Former California Gov. Jerry Brown speaks after unveiling the Doomsday Clock during The Bulletin of the Atomic Scientists news conference in Washington, Thursday, Jan. 24, 2019. (AP Photo/Cliff Owen)

Doomsday Clock moves closest to midnight in 73-year history

Bulletin of the Atomic Scientists moves clock to 100 seconds to midnight

The keepers of the Doomsday Clock on Thursday moved the symbolic countdown to global disaster to the closest point to midnight in its 73-year history, citing “existential danger” from nuclear war and climate change.

The Bulletin of the Atomic Scientists, which was founded after the creation of the atomic bomb in World War II and focuses on the greatest threats to human survival, said it moved the clock from two minutes to midnight to 100 seconds to midnight — a 20-second advance.

The decision was made by the group’s science and security board, in consultations with its board of sponsors, which includes 13 Nobel laureates.

In a statement accompanying the clock’s advance, the organization said the nuclear and climate dangers “are compounded by a threat multiplier, cyber-enabled information warfare that undercuts society’s ability to respond.”

“The international security situation is dire, not just because these threats exist, but because world leaders have allowed the international political infrastructure for managing them to erode,” it said.

Rachel Bronson, president and CEO of the Bulletin of the Atomic Scientists, said: “We are now expressing how close the world is to catastrophe in seconds — not hours, or even minutes.”

“We now face a true emergency — an absolutely unacceptable state of world affairs that has eliminated any margin for error or further delay,” she said.

Former California Gov. Jerry Brown, the Bulletin’s executive chairman, warned that “dangerous rivalry and hostility among the superpowers increases the likelihood of nuclear blunder.”

“Climate change just compounds the crisis,” he said. “If there’s ever a time to wake up, it’s now.”

READ MORE: Trump lauds U.S. economy in Davos, while Thunberg slams elites

The Doomsday Clock didn’t move in 2019 but in 2018 it advanced by 30 seconds from 2 1/2 minutes before midnight to two minutes to midnight.

As the symbolic clock was moved on Thursday, the Bulletin’s experts were joined by former Irish President Mary Robinson who now leads The Elders, a group of prominent former world leaders founded by Nelson Mandela, and ex-U.N. Secretary-General Ban Ki-moon, now deputy chairman of The Elders.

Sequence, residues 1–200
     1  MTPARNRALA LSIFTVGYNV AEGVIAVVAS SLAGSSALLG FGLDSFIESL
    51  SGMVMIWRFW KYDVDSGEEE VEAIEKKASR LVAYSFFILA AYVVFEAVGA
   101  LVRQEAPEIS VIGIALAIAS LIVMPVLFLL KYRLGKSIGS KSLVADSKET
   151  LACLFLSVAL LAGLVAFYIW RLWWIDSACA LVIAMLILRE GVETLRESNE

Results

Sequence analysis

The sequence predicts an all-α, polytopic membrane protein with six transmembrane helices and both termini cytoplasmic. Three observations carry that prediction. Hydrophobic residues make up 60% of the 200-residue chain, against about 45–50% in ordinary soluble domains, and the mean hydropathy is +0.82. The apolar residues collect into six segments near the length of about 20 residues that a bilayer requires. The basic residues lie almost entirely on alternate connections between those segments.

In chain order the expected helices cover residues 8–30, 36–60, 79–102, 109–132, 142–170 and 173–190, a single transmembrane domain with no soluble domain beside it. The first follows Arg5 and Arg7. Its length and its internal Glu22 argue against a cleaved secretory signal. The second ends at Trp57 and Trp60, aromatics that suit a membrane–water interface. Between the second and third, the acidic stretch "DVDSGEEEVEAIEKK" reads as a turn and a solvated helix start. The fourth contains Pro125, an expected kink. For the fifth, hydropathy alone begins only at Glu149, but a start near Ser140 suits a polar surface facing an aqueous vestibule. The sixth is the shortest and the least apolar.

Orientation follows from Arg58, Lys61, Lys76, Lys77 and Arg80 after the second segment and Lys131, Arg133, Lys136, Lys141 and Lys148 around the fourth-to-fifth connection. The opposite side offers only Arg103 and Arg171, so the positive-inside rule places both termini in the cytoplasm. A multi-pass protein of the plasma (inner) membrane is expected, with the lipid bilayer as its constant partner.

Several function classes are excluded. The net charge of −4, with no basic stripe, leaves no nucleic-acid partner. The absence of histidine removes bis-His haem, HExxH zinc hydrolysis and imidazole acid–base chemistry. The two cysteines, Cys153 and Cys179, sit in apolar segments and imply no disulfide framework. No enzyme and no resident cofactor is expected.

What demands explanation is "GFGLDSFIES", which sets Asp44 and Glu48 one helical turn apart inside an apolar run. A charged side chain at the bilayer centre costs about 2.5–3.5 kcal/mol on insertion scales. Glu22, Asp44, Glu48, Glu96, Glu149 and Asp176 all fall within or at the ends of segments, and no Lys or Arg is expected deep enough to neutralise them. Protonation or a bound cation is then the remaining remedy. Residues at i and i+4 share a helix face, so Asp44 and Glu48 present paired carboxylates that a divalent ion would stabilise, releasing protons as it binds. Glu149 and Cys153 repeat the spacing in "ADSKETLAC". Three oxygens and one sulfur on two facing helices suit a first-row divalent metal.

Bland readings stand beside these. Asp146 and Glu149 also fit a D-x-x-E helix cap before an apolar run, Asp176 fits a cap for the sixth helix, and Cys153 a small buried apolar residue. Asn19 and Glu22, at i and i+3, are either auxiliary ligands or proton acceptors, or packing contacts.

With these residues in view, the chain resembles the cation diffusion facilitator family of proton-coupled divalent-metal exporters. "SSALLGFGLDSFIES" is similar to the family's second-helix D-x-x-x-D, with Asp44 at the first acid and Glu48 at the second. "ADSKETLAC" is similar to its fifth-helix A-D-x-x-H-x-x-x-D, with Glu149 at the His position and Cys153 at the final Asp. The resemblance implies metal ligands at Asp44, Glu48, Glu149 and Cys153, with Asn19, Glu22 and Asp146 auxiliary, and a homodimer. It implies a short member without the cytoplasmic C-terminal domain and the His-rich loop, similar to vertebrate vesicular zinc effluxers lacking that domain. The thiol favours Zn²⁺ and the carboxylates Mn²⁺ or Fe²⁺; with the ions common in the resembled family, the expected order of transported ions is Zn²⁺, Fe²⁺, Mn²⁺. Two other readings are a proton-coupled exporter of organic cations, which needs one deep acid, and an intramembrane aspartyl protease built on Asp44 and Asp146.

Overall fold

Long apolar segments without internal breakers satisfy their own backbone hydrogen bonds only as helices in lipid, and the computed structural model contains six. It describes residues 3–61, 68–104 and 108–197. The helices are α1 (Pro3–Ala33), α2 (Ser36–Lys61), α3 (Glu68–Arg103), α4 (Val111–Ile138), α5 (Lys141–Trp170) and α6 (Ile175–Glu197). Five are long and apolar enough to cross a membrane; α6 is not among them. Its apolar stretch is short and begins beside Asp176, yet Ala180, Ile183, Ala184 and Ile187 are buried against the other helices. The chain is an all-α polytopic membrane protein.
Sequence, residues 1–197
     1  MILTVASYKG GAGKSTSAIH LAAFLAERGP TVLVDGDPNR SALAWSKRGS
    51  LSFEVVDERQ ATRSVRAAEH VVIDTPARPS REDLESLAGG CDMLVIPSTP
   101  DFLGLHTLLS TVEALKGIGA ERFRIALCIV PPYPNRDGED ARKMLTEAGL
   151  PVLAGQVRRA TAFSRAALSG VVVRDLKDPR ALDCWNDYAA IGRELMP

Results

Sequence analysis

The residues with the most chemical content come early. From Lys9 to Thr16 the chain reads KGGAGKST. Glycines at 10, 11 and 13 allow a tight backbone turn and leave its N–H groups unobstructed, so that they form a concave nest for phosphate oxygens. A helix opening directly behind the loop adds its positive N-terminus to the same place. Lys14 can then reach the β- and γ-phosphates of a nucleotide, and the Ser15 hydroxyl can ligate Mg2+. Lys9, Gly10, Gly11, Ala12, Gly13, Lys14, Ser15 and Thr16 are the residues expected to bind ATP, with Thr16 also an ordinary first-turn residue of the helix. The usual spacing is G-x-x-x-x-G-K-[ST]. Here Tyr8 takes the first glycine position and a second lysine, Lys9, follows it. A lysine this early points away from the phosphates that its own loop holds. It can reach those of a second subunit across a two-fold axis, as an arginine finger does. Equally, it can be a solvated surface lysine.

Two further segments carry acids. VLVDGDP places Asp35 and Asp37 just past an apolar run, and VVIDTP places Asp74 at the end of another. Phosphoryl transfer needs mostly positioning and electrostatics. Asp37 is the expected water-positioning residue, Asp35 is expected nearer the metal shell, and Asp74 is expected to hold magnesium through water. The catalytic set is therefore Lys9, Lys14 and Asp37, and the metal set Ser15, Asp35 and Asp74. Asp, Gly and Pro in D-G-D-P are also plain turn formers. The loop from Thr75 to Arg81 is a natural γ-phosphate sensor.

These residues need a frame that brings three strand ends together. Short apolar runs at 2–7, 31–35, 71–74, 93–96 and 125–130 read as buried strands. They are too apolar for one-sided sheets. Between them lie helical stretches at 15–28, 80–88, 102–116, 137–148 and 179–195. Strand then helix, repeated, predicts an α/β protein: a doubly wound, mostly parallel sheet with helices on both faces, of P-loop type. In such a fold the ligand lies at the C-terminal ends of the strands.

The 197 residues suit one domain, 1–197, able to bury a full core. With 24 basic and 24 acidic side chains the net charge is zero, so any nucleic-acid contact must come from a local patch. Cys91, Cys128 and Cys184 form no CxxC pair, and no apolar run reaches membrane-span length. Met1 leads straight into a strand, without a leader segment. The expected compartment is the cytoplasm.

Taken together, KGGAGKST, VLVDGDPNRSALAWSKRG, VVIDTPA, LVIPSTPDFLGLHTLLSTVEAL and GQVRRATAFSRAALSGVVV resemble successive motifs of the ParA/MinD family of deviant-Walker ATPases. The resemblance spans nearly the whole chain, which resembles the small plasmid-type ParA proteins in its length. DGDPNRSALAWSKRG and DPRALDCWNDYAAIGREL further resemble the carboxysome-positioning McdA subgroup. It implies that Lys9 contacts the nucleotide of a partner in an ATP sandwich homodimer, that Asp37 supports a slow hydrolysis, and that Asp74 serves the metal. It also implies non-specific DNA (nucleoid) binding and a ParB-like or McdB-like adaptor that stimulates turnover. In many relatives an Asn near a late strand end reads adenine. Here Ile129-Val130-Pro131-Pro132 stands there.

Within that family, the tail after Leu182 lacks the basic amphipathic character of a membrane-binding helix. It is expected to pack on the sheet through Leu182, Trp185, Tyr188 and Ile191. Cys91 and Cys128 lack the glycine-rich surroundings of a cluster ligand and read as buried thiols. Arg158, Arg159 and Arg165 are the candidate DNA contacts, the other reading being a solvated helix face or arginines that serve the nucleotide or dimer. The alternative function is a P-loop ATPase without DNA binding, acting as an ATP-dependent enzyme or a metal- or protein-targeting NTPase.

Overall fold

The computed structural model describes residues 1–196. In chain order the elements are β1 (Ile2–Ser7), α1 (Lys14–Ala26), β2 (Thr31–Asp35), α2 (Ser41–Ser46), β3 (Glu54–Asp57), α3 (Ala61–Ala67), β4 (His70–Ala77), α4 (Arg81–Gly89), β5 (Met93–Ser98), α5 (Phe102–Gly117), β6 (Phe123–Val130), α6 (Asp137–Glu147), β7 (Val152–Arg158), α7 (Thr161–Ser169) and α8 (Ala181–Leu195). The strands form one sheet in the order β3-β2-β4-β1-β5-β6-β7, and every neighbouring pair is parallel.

Ban said that from the U.S. withdrawal from the 2015 Paris climate agreement and the Iran nuclear deal to deadlock at nuclear disarmament talks and divisions in the U.N. Security Council, “our mechanisms for collaboration are being undermined when we need them most.”

Robinson called on world leaders to join in working “to pull humanity back from the brink.”

The Associated Press

Like us on Facebook and follow us on Twitter

Climate changeNuclear weapons

Get local stories you won't find anywhere else right to your inbox.
Sign up here

Just Posted

COVID-19 birthday drive-by celebrations snuffed out in Crofton

Bylaw officer visit with threats of a fine mean parade trucks taken off the road

Long-awaited opening for Chemainus Public Market

All components not up and running just yet, but will be soon

Void of summer events going to be felt in Chemainus

CBIA cancels Classics Car Show and Canada Day celebrations

List of businesses and services now open in Ladysmith

The Chronicle is compiling on ongoing list of businesses in Ladysmith that are now open

Man claims Ladysmith Bylaw Officer accused him of ‘squatting’ at Transfer Beach

Remley believes the officer was profiling him because of his long hair and long beard

VIDEO: A Vancouver Island black bear takes weekend nap in eagle tree

Videos captured by Terry Eissfeldt shows the bear arriving Saturday night and sleeping in on Sunday

Facing changes together: Your community, your journalists

We’re asking you to lock arms with us, as we look to better days ahead

Vancouver Island Regional Libraries to offer ‘takeout’ style services

VIRL will offer the service on a branch-by-branch basis

George Floyd asphyxiated by sustained pressure: family autopsy

Death sparked a wave of protests across the U.S. and abroad

COVID-19: B.C. commercial landlords can’t evict if they decline rent assistance

Emergency order ‘incentive’ for federal program, Carole James says

B.C. Hockey League prepping for 2020-21

League reviewing different scenarios and start times in compliance with provincial regulations

Duncan’s Queen Margaret’s School pioneers thermal imaging in school reopening

Private school is first in B.C. to use new tech post-COVID-19

Investigators probe death of CN employee at Surrey rail yard

Transportation Safety Board is investigating an ‘occurrence that took place during switching operations’

Most Read